Sunday, June 21, 2015

“A Man of an Honourable Stock” (SHOS): Sir Christopher Lee

For those of you who have been following this blog for a long time (And have I thanked you for sticking with me? Thank you for sticking with me.), you know that I am not usually given to memorial tributes. This is primarily because I have always found it beyond my meager skills to encapsulate the whole of one person’s life – all its wonders and accomplishments – with just a few words. I have always worried that whatever I wrote would come across as, at best, inadequate, and, at worst, completely disingenuous.

However, on the morning of June 11 when I learned of Sir Christopher Lee’s death (Lee actually passed away earlier on June 7, with the knowledge only becoming public on June 11), I immediately went to share the news with my fellow “geek” colleague – a co-worker with whom I share some mutual interests and with whom I had commiserated over Leonard Nimoy’s death earlier this year. After a few moments of some subdued sadness, my co-worker admitted that, beyond the Lord of the Rings series, she knew little of Lee’s career. “Is that terrible?” she asked.

I didn’t answer at first. Of course, it wasn’t terrible. There’s nothing terrible about not having an investment in a particular actor’s filmography. However, I wanted to tell her about my Christopher Lee.

Christopher Lee with his friends Vincent Price and Peter Cushing

“A Man of Some Substance” (LION)

My Christopher Lee was Dracula. And in his embodiment of the iconic vampire, he was perhaps only second to one other actor. He was as synonymous with the role as Basil Rathbone with Sherlock Holmes, or Nigel Bruce with Dr. Watson. Although his Dracula films would sometimes take ridiculous turns (Dracula A.D. 1972, anyone?), the role would still cast a villainous pall over his career and indeed, my Christopher Lee was also the Mummy, Frankenstein’s monster, and Fu Manchu.

“A Man of Remarkable Appearance” (BLAC)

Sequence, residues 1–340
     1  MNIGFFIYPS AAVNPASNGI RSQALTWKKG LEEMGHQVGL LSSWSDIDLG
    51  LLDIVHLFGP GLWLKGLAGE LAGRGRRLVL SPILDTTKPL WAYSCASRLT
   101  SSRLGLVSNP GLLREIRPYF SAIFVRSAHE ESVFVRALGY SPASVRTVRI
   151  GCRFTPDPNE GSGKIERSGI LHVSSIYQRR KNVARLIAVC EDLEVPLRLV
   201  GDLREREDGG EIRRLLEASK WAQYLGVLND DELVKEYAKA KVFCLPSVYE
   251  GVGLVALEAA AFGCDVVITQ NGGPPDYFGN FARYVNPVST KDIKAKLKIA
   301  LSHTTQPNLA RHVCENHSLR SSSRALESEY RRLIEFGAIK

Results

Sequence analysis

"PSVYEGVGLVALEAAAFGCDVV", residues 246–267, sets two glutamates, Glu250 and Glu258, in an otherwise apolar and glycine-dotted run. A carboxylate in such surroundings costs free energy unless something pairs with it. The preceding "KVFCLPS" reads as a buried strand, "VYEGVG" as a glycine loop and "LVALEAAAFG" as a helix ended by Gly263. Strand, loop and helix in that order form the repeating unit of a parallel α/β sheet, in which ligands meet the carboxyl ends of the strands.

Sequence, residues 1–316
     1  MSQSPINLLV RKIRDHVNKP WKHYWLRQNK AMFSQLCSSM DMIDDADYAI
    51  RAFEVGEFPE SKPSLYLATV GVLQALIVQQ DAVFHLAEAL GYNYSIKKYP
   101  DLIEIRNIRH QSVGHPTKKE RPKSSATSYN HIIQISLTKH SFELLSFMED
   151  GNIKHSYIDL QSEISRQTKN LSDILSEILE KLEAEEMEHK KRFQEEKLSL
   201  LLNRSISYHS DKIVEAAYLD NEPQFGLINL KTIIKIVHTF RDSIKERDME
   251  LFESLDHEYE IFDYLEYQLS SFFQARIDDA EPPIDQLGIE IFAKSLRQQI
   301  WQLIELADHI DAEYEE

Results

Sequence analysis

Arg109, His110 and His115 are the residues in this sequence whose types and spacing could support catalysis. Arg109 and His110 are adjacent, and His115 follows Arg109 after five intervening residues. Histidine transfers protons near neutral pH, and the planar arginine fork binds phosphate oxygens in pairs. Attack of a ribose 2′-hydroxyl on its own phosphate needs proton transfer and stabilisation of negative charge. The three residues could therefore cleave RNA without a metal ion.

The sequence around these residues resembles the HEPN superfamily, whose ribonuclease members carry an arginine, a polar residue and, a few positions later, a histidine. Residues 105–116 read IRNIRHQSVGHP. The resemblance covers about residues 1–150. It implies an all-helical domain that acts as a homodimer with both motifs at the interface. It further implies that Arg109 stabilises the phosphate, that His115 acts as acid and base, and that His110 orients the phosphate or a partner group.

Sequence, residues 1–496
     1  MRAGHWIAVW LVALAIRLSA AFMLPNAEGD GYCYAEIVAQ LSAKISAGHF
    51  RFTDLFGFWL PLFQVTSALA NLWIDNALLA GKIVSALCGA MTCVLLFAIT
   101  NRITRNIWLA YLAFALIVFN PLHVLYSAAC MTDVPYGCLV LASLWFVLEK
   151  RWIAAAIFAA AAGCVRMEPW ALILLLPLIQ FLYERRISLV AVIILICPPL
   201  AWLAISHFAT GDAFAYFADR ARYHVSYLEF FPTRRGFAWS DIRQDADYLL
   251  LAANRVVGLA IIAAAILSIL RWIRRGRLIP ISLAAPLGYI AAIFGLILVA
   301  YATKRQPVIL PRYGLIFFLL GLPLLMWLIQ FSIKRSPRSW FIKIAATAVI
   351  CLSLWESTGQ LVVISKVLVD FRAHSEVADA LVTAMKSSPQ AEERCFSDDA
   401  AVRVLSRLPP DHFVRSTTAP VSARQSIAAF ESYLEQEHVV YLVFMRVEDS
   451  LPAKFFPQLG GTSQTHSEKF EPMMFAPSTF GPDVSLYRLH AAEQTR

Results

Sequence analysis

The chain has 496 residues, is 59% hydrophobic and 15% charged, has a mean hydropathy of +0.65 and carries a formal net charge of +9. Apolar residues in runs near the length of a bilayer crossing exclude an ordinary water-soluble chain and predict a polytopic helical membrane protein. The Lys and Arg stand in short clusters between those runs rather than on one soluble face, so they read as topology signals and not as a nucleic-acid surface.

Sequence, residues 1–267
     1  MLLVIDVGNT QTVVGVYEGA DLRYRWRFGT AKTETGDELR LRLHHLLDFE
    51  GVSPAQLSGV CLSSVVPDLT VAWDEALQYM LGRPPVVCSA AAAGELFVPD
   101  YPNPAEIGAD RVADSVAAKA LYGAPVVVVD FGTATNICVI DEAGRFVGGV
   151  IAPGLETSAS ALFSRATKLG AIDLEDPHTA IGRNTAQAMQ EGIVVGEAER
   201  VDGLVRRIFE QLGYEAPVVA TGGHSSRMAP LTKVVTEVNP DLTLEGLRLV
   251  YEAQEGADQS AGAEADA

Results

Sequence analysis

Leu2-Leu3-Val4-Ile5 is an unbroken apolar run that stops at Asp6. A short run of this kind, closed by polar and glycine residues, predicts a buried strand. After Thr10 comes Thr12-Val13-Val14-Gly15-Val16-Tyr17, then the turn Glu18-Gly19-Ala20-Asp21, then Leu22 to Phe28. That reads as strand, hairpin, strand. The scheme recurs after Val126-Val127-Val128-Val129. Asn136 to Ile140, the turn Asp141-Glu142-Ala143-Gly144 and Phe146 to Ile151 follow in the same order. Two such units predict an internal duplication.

My Christopher Lee was even Count Dooku (or Darth Tyranus, if you are so inclined), unfortunately, in Star Wars: Attack of the Clones and Star Wars: The Revenge of the Sith. Typically an anathema to true Star Wars fans, the films are worth remembering, if only as a testament to Lee’s villainous character acting.

“A Man of Iron Nerve” (EMPT)

My Christopher Lee was also Francisco Scaramanga in the 1974 film, The Man with the Golden Gun, opposite Roger Moore’s sometimes ludicrous turn as James Bond. Lee was a relative of Bond creator Ian Fleming, and rather perfectly cast as the erudite assassin. Despite the fact that Fleming had originally wanted Lee for Dr. No, he was nonetheless able to channel all his leanness, elegance and his unique razor-sharp keenness to embody Scaramanga.

“A Grave and Taciturn Gentleman of Iron-gray Aspect” (BLAN)

My Christopher Lee was DEATH, voicing the late Sir Terry Pratchett’s (who also passed away earlier this year) characterization in several dramatizations, including The Color of Magic (2008). Tapping into the famous depth and timbre of his voice, his performance was equal turns unlimited cosmic power and affable approachability, just as Pratchett wrote him.

“A Man of Dreams” (GOLD)

And of course my Christopher Lee was Saruman the White in Peter Jackson’s Lord of the Rings series, a masterpiece of film. How could he not be? In addition to providing a vehicle for Lee’s unsurpassed ability to portray malevolence and subtle deviousness, it also gave rise to what might be one of my favorite Christopher Lee anecdotes. Peter Jackson was preparing to shoot a scene in which Saruman is stabbed in the back. Jackson provided Lee with a long, detailed explanation of how he wanted the scene to go. To which Lee replied, “Have you any idea what kind of noise happens when somebody’s stabbed in the back? Because I do.”

“A Man of Energy and Character” (MISS)

But perhaps, more than anything, my Christopher Lee was Sir Henry Baskerville in the 1959 Hammer Film adaptation of The Hound of the Baskervilles, starring opposite Lee's dear friend Peter Cushing as Sherlock Holmes. As the terrorized Sir Henry, Lee had to call upon no acting skills at all to show real fear:

Now there is one thing I’m really scared of…spiders. In particular these ghastly bird-eating spiders from South America, with big, huge hairy legs as thick as my fingers. I hate these things, and there was a sequence in the film in which one of spiders comes out of a boot. I refused to let them place it on my neck, but I did have it on one of my shoulders and I was in such a state that I virtually went green, and sweat poured off my face. Everybody said what a brilliant performance I gave. All I can say was that it wasn’t acting at all. I was nearly sick with nausea and fear.